Between Scientists & Citizens

explaining the impact of climategate

with 3 comments

On the same Canadian news show that I mentioned yesterday, Joe Romm offers an alternative view. Should climategate and the recently discussed IPCC errors change what citizens believe, or how reporters handle the matter?

There’s no question that in this 3000 page report, the IPCC report, there were one or two relatively trivial mistakes, as the Washington Post put it.  But they have been used as an excuse by some in the media to question the entire science.  The analogy I use is: every major newspaper publishes corrections every single day and yet they expect the public to come back and believe what’s in the newspaper (ca. 4:00).

The analogy is a good one, although it goes against the point Romm is trying to make.

Let’s say we were approaching the newspaper like investigators, coming to a conclusion about the overall state of affairs based on the mountain of observations we make.  It’s true that if one or two pebbles on that mountain went missing, our overall conclusions would likely not be affected.

But wait a second–do we read the newspaper like investigators?  Most of us (aside from my friends and colleagues in media studies) don’t “observe” items in the paper.  We don’t think we’re getting our information direct–we know we’re getting it through someone–through the in-between people, the “media.”  When we find errors, our key question is not whether two or three revised bits of information change our overall view, but whether two or three errors decrease our trust in these in-betweeners.

Romm said:  “every major newspaper publishes corrections every single day and yet they expect the public to come back and believe what’s in the newspaper.”

The more accurate way to put this would be: “every major newspaper publishes corrections every single day and so they expect the public to come back and believe what’s in the newspaper.”

The fact that newspapers have elaborate correction mechanisms makes them more trustworthy.  Their willingness to undertake daily and very public self-mortifications, admitting their mistakes, gives us evidence of how much they care about getting it right.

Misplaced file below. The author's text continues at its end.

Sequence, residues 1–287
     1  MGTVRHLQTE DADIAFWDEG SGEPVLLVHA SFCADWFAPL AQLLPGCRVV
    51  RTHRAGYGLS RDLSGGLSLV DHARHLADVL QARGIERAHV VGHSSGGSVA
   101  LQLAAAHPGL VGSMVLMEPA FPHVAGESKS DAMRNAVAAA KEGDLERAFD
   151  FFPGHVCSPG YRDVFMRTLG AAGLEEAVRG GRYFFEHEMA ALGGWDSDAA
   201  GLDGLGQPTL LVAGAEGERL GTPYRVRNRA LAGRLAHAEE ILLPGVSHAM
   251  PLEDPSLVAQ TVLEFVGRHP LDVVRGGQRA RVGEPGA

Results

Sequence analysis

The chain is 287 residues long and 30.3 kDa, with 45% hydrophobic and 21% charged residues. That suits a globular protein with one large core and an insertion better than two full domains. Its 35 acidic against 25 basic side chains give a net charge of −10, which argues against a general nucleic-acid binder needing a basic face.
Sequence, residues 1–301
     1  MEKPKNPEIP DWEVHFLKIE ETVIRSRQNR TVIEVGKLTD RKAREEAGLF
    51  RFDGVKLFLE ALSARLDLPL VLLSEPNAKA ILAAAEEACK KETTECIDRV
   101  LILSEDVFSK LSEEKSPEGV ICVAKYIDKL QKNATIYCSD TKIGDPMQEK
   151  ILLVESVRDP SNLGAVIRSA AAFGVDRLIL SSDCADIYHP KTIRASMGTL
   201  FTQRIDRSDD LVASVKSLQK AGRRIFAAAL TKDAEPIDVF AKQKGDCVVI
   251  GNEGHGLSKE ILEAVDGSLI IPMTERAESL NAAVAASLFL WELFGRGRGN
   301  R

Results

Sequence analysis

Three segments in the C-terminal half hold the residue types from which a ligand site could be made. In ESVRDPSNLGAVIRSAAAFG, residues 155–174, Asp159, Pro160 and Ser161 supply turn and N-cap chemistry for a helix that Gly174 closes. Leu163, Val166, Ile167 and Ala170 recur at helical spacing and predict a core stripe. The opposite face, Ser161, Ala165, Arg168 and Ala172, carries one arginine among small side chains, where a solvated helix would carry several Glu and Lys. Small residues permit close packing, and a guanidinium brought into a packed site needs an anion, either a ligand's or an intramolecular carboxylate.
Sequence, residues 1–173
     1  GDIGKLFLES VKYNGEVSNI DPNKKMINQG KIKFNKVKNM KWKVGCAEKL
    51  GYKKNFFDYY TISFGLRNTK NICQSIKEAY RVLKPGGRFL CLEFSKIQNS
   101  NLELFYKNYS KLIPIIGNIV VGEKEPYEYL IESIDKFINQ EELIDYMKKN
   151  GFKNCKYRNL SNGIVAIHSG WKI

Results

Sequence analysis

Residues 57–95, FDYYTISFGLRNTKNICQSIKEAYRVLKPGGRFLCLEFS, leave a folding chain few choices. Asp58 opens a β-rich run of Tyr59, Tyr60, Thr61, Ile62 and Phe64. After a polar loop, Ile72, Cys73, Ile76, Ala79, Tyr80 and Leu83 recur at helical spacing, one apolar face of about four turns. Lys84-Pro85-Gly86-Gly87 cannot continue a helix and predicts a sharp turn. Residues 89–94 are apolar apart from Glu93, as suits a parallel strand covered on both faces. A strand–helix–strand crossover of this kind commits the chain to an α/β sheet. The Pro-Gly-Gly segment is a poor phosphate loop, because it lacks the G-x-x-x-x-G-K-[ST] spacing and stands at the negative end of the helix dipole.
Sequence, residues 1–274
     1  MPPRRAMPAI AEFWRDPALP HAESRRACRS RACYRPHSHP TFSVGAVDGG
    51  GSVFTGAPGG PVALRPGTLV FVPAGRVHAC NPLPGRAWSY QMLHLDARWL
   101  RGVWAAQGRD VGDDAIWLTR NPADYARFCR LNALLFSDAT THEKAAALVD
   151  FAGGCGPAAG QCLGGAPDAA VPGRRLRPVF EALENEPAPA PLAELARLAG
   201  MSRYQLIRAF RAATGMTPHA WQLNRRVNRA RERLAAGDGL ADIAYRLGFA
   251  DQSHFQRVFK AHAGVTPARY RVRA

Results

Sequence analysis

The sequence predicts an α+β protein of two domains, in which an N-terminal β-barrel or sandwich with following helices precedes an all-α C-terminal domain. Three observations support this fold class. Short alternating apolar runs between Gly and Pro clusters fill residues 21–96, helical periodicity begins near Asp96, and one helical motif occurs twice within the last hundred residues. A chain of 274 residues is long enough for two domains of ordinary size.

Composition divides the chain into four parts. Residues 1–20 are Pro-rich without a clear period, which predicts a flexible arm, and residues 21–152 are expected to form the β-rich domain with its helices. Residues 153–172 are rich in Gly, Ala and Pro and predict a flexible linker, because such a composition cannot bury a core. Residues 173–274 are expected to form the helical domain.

Does the IPCC have an established mechanism for correcting mistakes?  Has it, or its leaders, shown a willingness to undertake frequent and very public self-mortifications, admitting its mistakes?

Written by jeangoodwin

March 19, 2010 at 9:39 am

3 Responses

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  1. Given the hyperpoliticized nature of climate science, I suspect that open corrections would be seized by the deniers and publicized widely.

    Corrections work with newspapers because, for the most part, policies are not simply linked to their reporting.

    I don’t see any simple solution until we really decouple science from specific policies.


    April 5, 2010 at 3:24 pm

  2. Hi, Praj: You’re right–no single correction is going to persuade many people. In fact, what’s most likely to happen is exactly what you say: advocates will take the correction as an admission of error, and use it for more IPCC-bashing. To fight back, it will be very tempting for the scientists involved in the IPCC to start acting like advocates themselves, and make victory over their opponents their main goal.

    But the idea of the IPCC issuing corrections isn’t a short-range strategy. Over the long term, if an institution patiently and public corrects itself–if it demonstrates that its primary interest is not in victory but in sound information–then that institution can earn the public’s trust. Maybe.


    April 5, 2010 at 7:31 pm

    • Jean,

      If the science isn’t self-correcting, the IPCC isn’t the place to start worrying about corrections. Science that refuses to adopt normal quality control measures is not trustworthy. Scientists who refuse transparency and accountability are not trustworthy. Science that cannot be audited or replicated is not trustworthy. Scientists who refuse the assistance of genuine experts in statistics, computer software, forecasting and modeling cannot expect to have their work trusted.

      Corrections should be just a small part of a complete process of quality, transparency and accountability. Climate scientists have steadfastly refused to cooperate in any effort to begin such a process. And now they wonder why so few people trust them.

      Climategate just exposed some particularly rotten aspects of a process that was already thoroughly rotten.


      July 17, 2011 at 2:37 pm

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